Jul 102014 0 Responses

Ignore Some of the Things I Say

My grandparents went to bed every night at the same time. Sometimes he was tired and she wasn’t. Sometimes she was tired and he wasn’t. Yet every night, whomever was most tired would wait until the other was ready. When they were both ready for bed, they would go.

I doubt my grandparents ever read a study about bedtimes and marital satisfaction. They probably just lucked into one of the greatest habits of a married couple. Going to bed at the same time is one of the best things a couple can do. It depends the bonds of partnership. It often provides opportunity for a couple to talk with another as they drift off to sleep. Sexual frequency increases when a couple goes to bed at the same time. And going to bed together makes it more likely the couple will get up around the same time which aligns the couple’s schedule making it less likely for the couple to live radically different schedules.

Every expert I know encourages couples to go to bed at the same time. (See: The Most Important Marriage Advice I Could Ever Give)

But Jenny and I don’t.

We do on occasion. We’ve tried to do so every night, but it doesn’t work. Eventually she kicks me out of bed.

As much as we would love to go to bed at the same time, we haven’t found a way to make it work for us. When we go to bed together, I fall asleep quickly and she tosses and turns. When she goes to bed before me, she goes to sleep with great ease. To go to bed together means less sleep for her so she goes to bed and I follow her about twenty minutes later.

It’s not ideal, but at this stage in our lives, it works for us.

So it is with most marital advice. It’s proverbial. It’s generally true for a vast majority of people, but it is not law. There are exceptions.

The difficulty is in determining what advice should we submit to (even though we don’t like it), and what advice we are free to ignore (acknowledging it just isn’t right for us).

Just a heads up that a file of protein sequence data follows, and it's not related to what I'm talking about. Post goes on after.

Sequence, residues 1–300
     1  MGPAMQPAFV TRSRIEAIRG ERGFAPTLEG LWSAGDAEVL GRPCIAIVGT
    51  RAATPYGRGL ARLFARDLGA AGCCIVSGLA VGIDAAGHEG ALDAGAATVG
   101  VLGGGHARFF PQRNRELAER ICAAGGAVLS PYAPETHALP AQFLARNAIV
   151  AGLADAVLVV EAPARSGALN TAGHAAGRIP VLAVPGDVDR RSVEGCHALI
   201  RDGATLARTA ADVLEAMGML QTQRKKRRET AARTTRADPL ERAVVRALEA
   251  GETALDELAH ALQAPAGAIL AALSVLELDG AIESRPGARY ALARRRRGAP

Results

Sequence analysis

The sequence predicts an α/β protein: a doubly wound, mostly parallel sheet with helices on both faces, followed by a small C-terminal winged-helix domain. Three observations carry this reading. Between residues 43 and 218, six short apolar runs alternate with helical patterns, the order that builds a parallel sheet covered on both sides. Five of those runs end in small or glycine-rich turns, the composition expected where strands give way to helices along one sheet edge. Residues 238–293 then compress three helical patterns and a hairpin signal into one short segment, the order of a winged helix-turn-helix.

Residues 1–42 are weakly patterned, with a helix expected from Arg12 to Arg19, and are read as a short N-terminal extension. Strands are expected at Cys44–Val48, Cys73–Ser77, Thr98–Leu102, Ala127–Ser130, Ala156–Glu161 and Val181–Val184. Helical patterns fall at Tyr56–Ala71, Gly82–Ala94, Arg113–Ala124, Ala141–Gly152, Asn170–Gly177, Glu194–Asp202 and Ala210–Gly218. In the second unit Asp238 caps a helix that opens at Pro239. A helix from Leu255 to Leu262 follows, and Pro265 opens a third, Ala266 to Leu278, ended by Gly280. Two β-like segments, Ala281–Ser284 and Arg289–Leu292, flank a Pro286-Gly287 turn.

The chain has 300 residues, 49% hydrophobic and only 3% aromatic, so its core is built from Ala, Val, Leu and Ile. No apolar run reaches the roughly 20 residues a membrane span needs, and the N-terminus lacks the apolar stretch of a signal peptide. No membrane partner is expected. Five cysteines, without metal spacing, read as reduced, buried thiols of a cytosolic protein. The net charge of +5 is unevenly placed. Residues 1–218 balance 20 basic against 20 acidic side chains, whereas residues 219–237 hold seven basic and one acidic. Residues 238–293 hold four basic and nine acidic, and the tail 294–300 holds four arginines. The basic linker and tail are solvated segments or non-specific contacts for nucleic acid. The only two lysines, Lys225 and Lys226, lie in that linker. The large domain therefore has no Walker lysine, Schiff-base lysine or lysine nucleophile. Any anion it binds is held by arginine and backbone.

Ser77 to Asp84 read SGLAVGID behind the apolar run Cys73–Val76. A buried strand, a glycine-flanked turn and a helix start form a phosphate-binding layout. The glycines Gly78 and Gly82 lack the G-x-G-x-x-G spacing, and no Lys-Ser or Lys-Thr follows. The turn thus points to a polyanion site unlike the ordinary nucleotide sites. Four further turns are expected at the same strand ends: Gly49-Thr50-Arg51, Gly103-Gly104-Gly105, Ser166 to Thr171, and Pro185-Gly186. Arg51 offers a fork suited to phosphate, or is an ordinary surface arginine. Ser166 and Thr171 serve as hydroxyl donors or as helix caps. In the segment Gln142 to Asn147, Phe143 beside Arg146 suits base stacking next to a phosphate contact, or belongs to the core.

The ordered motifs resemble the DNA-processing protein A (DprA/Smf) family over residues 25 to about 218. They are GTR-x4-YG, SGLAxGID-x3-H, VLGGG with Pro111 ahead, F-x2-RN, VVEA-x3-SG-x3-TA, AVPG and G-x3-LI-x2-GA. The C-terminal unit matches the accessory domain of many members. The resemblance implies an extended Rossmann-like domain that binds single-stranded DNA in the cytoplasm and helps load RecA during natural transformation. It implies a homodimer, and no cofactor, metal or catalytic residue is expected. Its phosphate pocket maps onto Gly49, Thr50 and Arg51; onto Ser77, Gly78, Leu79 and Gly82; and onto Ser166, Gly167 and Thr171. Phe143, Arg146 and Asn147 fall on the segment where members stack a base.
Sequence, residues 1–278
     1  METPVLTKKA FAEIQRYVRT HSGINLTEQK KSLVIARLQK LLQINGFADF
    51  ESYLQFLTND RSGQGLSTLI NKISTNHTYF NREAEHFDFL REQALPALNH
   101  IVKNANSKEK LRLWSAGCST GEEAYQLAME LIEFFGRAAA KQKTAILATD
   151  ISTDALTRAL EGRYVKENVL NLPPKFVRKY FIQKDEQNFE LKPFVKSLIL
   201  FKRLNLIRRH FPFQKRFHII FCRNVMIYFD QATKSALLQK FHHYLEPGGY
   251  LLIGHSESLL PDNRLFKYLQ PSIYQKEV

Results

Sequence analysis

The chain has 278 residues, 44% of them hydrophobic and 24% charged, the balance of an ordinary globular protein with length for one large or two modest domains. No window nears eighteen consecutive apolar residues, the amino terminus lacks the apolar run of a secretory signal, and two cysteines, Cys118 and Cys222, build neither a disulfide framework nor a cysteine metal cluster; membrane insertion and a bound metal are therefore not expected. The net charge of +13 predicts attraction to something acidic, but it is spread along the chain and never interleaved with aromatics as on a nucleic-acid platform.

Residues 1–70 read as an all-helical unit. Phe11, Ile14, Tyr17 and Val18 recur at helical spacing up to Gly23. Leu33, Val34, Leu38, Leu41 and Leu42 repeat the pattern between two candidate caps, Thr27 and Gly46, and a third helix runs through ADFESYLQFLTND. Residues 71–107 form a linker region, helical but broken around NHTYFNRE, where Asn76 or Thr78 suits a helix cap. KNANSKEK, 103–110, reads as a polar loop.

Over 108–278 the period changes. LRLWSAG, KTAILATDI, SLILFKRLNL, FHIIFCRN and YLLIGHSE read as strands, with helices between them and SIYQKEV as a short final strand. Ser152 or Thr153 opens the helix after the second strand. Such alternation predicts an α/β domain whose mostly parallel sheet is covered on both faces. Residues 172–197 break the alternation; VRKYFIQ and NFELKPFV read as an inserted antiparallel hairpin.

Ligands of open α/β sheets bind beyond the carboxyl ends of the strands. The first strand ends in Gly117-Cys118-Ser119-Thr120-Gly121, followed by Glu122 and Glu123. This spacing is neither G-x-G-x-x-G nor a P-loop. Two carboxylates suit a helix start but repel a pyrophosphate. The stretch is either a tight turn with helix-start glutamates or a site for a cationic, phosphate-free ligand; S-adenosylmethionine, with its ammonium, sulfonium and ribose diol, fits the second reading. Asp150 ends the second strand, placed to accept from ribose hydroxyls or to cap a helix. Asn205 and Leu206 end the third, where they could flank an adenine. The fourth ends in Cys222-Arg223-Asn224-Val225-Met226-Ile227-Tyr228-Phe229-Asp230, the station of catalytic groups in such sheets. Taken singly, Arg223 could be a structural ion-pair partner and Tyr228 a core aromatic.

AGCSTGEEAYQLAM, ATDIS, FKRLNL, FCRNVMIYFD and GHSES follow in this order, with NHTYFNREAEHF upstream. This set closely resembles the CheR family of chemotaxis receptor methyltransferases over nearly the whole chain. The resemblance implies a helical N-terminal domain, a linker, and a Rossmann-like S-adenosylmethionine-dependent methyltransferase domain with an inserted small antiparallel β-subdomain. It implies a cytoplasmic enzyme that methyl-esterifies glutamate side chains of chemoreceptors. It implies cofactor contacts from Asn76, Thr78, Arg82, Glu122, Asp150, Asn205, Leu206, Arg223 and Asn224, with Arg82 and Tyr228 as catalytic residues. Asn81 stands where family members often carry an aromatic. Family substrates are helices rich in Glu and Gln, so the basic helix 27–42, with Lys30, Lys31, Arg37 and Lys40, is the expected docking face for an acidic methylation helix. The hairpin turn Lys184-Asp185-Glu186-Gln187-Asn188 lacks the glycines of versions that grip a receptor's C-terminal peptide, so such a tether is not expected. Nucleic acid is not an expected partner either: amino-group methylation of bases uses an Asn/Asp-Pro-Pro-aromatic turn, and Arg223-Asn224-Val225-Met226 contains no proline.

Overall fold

Knowing the nature of humanity, we will be quick to ignore the advice we need the most. And we shouldn’t. Yet we can’t be deceived into thinking that following all the marital rules will guarantee a happy marriage. It won’t.

The challenge is for each couple to humbly discern what is the wisest course of action for them. What I advise for most people may not work for you. What others say is a good course of action may not work for me.

Sometimes we have to ignore what others say and do what works for us.

Do you not like what I’ve written about not having a television in the bedroom or never calling another woman beautiful or having sex within 24 hours of your spouse requesting it? Then ignore it. But be careful when you do so.

If you want to ignore sound marital advice, only do so if the following are true:

1. If you are of the same mind: If one spouse agrees with common marital advice and the other does not, then follow the advice. But, if you both agree a piece of advice is not right for you, then feel free to ignore the advice.

2. If you are cautious: When you willfully disregard what many experts say is good advice, do so with a great amount of skepticism. Watch for negative consequences. Observe what takes place. Be quick to change your direction if things do not go as you hope. Test your way. Try it. But do so knowing things might go wrong and if they do go wrong, be quick to admit you were wrong.

3. If you have the approval of someone you respect: I’ve written a few hundred posts about marriage. There are many posts which are negotiable, but there are many that are not. If a couple wanted to ignore some of my advice, I would likely understand their point and be able to advise the best ways to do the opposite of what I have said. But with some principles there is no way I could ever advise someone to ignore what I have written. If you want to ignore common marital advice, find someone you deeply respect and get their opinion. If they agree the issue is negotiable, then negotiate what is best for you. If they believe you are trying to justify a poor decision, then humble yourself and follow the common advice. (See: Love Your Friends, Don’t Listen to Them)

Some truth is universally true. No matter your marriage, it applies to you. Other ideas are proverbial truths which work in most relationships but there are some exceptions. Discern the difference, because you should ignore some of the things I say.

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